Three Projects in the Carr Research lab
My newest collaborations is with Dr. Smucker. This collaboration is a natural extension of both our research interests in the area of self-assembly of molecules. His focus has been the synthesis of organometallic squares for use in light harvesting applications and as possible catalysts. We have talked about the possibility of incorporating ureas in the ligands that bind to the transition metals that he uses in his research, typically platinum, iron, nickel, and copper. I have currently made one ligand with a simple tail (Figure 1 a.). This compound precipitates from a solution of cold ethanol but in the presence of silver the solution gels upon cooling, presumably due to the formation of a complex as seen in Figure 1 b.
Figure 1. Compound a is the ligand, where R is equal to C12H25. Compound b is the expected gelator.
Short Term Goal
For this collaboration, I am working with a student on the synthesis of a series of ureas containing ligands (Figure 2). We will examine the effect of metal incorporation to a solution of the ligand to see if gelation of the solvent occurs. The position of the nitrogen in the pyridine ring has been shifted from the initial molecule to help minimize steric interactions, thus increasing binding energy to the metal and the overall stability of the complex.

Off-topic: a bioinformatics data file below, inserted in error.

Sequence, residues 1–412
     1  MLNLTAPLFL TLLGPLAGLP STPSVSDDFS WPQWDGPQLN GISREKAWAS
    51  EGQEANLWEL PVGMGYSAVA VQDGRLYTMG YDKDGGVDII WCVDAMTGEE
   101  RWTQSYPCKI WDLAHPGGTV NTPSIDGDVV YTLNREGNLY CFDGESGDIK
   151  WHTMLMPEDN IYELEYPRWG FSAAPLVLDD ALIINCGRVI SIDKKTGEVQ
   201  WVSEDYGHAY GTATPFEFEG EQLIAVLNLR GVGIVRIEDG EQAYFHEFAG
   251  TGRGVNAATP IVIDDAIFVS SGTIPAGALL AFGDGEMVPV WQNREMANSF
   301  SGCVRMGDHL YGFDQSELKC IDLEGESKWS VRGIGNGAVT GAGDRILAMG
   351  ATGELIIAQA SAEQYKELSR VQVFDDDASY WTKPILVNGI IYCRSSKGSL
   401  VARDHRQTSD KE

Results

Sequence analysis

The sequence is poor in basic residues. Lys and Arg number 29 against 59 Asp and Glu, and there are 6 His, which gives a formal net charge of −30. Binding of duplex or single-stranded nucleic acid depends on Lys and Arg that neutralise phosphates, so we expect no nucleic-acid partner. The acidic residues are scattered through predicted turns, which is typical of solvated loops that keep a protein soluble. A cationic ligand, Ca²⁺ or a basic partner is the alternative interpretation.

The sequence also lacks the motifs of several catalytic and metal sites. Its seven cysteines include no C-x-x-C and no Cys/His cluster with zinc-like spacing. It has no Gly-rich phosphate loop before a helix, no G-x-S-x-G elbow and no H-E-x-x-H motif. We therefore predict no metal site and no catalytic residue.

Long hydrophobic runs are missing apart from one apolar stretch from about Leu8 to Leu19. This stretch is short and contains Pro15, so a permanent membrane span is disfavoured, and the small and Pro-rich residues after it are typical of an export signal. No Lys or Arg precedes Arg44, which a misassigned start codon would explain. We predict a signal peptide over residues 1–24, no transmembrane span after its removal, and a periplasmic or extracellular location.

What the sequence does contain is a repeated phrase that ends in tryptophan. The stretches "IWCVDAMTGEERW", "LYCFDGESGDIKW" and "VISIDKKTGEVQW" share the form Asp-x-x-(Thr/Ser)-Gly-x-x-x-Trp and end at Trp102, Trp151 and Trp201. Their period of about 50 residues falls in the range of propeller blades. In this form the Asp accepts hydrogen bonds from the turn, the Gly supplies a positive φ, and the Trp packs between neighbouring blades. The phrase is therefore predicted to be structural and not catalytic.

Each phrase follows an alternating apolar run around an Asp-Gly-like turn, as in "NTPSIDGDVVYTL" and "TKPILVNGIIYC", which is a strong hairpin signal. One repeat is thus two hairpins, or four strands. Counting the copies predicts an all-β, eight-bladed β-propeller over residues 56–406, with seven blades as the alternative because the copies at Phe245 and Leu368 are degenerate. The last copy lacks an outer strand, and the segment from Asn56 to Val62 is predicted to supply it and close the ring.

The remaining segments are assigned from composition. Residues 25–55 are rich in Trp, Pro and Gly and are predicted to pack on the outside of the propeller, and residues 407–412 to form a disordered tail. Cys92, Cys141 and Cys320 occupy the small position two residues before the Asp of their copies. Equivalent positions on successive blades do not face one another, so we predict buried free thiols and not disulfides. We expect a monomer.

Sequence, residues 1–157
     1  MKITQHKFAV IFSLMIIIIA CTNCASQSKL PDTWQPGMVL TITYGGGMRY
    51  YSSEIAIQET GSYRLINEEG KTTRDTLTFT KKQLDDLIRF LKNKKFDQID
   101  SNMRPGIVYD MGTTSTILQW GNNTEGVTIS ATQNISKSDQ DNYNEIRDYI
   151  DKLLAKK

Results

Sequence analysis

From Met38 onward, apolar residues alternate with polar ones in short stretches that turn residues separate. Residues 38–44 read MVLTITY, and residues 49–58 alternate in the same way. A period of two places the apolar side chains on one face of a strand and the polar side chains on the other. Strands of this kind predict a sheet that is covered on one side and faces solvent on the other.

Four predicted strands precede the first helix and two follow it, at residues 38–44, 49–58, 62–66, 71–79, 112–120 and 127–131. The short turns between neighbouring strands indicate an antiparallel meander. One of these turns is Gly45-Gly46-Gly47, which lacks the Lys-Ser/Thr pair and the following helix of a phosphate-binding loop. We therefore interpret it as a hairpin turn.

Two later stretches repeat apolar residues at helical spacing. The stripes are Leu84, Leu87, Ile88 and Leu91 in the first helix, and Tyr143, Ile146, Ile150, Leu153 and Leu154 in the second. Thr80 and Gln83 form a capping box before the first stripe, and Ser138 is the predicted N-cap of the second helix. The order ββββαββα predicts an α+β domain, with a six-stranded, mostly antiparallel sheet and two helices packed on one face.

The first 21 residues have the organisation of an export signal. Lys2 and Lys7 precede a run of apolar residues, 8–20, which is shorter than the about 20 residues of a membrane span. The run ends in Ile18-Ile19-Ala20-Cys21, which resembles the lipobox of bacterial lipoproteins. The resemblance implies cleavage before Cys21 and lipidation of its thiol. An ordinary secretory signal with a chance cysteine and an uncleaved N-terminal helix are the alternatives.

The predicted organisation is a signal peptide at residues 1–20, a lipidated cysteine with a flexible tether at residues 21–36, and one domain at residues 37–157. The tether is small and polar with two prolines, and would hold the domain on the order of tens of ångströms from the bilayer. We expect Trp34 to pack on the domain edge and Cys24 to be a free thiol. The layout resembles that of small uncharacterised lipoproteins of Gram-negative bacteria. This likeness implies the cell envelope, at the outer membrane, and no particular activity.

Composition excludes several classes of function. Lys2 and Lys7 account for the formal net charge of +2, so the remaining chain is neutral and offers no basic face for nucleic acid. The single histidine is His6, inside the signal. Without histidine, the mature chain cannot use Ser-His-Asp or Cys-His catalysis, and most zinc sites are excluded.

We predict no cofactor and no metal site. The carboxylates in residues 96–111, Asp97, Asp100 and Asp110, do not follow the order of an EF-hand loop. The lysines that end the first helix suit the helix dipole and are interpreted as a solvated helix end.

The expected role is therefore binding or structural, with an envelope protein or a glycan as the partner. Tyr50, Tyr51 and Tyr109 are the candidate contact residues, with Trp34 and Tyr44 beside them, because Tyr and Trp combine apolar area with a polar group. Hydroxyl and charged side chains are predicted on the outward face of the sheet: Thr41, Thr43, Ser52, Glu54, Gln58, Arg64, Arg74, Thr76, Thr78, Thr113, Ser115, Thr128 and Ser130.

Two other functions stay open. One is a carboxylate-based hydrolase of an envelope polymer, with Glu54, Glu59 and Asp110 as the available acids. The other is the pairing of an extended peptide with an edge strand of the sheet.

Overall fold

Figure 2. Initial synthetic targets for metal templated gelation of organic liquids. R will initially be C12 in length for the initial study.
In the synthesis of bisurea organogelators, several chemical transformations are required from commercially available starting materials. The cost of these starting materials is a deterrent from possibly using organogelators in an industrial setting. We will exam the use of new cheaper starting materials and the chemistry required to synthesize the bisurea organogelators at a reasonable scale.
In general for my bisurea organogelators the OR groups are on the 3,5 positions or the 3,4 positions of the benzene ring with respect to the CH2NH group (Figure 3). I am interested in extending the number of CH2 groups between the benzene ring and the NH group. This would increase the conformational flexibility of the bisurea organogelators and would probably change the gelation behavior of the compound.